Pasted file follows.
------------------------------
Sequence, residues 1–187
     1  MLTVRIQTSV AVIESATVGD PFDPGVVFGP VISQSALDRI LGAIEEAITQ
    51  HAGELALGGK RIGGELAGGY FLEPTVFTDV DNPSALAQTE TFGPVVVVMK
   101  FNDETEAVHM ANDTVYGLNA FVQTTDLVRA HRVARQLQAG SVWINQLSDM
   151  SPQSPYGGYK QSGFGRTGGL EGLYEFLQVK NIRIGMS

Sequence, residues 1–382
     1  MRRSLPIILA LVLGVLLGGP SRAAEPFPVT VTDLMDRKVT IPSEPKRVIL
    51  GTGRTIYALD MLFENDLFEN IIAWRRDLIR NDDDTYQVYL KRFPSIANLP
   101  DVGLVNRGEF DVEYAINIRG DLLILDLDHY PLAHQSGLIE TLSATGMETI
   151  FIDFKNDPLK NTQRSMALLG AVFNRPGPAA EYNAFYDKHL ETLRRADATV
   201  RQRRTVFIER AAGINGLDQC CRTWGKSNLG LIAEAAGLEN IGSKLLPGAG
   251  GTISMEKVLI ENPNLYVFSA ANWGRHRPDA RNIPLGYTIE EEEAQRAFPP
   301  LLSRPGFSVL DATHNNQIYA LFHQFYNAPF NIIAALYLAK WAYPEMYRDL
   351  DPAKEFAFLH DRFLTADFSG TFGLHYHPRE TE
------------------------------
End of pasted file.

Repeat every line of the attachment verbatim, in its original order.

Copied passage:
Sequence, residues 1–187
     1  MLTVRIQTSV AVIESATVGD PFDPGVVFGP VISQSALDRI LGAIEEAITQ
    51  HAGELALGGK RIGGELAGGY FLEPTVFTDV DNPSALAQTE TFGPVVVVMK
   101  FNDETEAVHM ANDTVYGLNA FVQTTDLVRA HRVARQLQAG SVWINQLSDM
   151  SPQSPYGGYK QSGFGRTGGL EGLYEFLQVK NIRIGMS

Sequence, residues 1–382
     1  MRRSLPIILA LVLGVLLGGP SRAAEPFPVT VTDLMDRKVT IPSEPKRVIL
    51  GTGRTIYALD MLFENDLFEN IIAWRRDLIR NDDDTYQVYL KRFPSIANLP
   101  DVGLVNRGEF DVEYAINIRG DLLILDLDHY PLAHQSGLIE TLSATGMETI
   151  FIDFKNDPLK NTQRSMALLG AVFNRPGPAA EYNAFYDKHL ETLRRADATV
   201  RQRRTVFIER AAGINGLDQC CRTWGKSNLG LIAEAAGLEN IGSKLLPGAG
   251  GTISMEKVLI ENPNLYVFSA ANWGRHRPDA RNIPLGYTIE EEEAQRAFPP
   301  LLSRPGFSVL DATHNNQIYA LFHQFYNAPF NIIAALYLAK WAYPEMYRDL
   351  DPAKEFAFLH DRFLTADFSG TFGLHYHPRE TE